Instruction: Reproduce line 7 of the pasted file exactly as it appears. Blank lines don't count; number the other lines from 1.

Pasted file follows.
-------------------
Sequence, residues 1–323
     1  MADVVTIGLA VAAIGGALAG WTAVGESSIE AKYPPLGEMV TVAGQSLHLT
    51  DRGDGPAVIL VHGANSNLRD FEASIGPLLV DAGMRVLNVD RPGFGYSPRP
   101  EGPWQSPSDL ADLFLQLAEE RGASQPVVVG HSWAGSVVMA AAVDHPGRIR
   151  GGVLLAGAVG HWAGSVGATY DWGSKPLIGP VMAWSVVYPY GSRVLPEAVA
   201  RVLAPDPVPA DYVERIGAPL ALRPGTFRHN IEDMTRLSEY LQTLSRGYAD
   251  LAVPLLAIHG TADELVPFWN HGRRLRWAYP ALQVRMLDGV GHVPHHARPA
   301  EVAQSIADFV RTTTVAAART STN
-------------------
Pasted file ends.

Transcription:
   251  LAVPLLAIHG TADELVPFWN HGRRLRWAYP ALQVRMLDGV GHVPHHARPA